60 Tons of Paint
you'd lived in Paris between 1889 and 1930, you would
have enjoyed the sight of the world's tallest building.
La Tour Eiffel was named after
its head contractor, Gustave Eiffel, and was built to
commemorate the centennial
of the French Revolution. It remained the world's
tallest structure until it was
surpassed by New York City's 319-meter-high
Chrysler Building in 1931.
built close to the Eiffel's height are most often used
for communication. Television, radio, and cell phone
companies depend on such
towers to transmit their
signals. But the Eiffel Tower was built before radio
communication was necessary, and even before the radio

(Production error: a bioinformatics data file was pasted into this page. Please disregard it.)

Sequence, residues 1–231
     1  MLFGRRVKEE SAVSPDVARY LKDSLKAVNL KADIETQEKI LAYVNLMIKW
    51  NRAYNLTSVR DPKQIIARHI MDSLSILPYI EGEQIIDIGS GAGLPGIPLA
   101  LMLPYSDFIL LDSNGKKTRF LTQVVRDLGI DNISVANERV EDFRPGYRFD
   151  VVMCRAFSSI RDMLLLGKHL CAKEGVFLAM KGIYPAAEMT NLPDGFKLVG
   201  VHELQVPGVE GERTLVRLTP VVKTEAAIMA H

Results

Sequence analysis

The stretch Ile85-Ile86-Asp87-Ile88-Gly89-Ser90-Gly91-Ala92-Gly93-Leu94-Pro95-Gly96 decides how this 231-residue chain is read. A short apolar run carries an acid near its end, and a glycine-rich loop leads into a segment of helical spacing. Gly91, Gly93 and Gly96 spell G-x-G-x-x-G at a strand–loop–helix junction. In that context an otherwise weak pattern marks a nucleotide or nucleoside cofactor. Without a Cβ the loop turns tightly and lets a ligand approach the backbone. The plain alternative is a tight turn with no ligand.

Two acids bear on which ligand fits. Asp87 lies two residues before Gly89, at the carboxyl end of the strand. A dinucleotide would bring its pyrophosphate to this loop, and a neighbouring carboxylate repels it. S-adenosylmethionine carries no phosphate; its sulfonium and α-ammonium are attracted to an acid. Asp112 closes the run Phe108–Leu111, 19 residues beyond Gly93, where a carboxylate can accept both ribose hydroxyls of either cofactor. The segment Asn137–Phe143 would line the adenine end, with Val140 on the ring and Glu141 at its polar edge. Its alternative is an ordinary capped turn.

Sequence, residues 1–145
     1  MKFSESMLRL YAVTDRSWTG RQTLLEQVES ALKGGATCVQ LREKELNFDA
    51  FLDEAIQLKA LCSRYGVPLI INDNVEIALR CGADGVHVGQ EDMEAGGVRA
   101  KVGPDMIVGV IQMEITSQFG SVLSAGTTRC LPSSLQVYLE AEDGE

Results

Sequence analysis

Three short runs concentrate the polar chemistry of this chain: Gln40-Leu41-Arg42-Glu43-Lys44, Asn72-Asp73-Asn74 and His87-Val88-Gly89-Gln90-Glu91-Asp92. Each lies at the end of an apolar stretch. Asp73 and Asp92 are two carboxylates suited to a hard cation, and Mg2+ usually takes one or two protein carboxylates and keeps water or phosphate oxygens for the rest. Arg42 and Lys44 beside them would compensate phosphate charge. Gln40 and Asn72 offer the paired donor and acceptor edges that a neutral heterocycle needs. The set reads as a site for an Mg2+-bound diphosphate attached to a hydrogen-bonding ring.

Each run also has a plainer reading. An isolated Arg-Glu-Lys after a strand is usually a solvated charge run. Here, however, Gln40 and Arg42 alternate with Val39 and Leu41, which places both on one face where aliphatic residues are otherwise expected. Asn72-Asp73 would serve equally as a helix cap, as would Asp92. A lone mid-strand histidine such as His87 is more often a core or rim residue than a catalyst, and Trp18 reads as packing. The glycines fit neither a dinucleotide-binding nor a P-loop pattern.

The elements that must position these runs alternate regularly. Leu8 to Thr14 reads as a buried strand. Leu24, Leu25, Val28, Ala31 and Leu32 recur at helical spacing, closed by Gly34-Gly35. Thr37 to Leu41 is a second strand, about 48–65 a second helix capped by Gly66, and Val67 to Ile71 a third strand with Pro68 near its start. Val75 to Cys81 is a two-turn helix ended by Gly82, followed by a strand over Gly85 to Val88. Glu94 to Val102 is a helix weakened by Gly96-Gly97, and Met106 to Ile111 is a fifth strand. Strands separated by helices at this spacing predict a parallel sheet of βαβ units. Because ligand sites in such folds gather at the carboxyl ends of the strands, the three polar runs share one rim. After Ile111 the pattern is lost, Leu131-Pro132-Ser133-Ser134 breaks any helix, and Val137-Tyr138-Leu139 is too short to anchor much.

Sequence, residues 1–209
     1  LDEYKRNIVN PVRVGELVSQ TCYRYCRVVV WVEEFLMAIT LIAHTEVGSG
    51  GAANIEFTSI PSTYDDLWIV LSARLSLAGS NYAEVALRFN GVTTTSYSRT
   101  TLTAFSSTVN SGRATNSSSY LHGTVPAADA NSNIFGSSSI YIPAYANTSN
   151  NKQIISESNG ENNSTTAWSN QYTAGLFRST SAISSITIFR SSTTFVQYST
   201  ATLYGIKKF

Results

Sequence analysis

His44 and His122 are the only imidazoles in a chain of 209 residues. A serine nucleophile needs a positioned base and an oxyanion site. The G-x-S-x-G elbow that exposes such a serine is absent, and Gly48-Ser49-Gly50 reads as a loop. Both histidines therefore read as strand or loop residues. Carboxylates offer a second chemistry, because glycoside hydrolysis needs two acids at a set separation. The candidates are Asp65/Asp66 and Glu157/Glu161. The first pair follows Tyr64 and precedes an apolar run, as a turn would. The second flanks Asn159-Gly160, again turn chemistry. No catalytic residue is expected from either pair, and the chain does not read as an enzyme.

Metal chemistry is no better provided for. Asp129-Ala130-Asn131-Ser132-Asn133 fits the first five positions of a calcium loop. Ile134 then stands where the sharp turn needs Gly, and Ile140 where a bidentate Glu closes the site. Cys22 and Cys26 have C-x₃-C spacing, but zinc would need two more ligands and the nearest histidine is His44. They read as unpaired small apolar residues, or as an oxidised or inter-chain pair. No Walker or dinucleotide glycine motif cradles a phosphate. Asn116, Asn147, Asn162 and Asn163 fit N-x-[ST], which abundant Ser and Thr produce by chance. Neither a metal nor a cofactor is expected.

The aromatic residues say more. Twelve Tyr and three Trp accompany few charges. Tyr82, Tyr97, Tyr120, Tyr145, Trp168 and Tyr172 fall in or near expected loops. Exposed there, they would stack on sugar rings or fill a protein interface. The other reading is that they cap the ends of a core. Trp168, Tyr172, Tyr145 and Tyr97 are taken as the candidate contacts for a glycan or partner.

As one of the
world's most famous monuments, the tower has attracted
a lot of attention, but not all Parisians welcomed its
construction. The French writer Guy De Maupassant
supposedly hated the
structure, but ate at its restaurant every day.
When asked why, he remarked
that it was the only place in the city from which he
couldn't see the tower. During the years between 1925
and 1930, the tower acted as
the world's largest sign, advertising cars for the
French company, Citroen. When the German army invaded
Paris in 1940, the lift cables were cut as Hitler's men
stormed the city. However,
German soldiers still climbed all the way to the
tower's flagpole in order to fly the
make the Eiffel Tower look small
in comparison. Today's architects design
populated buildings that surpass 500 meters—nearly
double the height of the Eiffel Tower. Even so, the
romance continues, and the tower welcomes over 6 million
visitors per year. To keep the 118-year-old structure
looking fresh, 60 tons of paint are
reapplied every 8 years!
Through it all, the grand old tower lives on.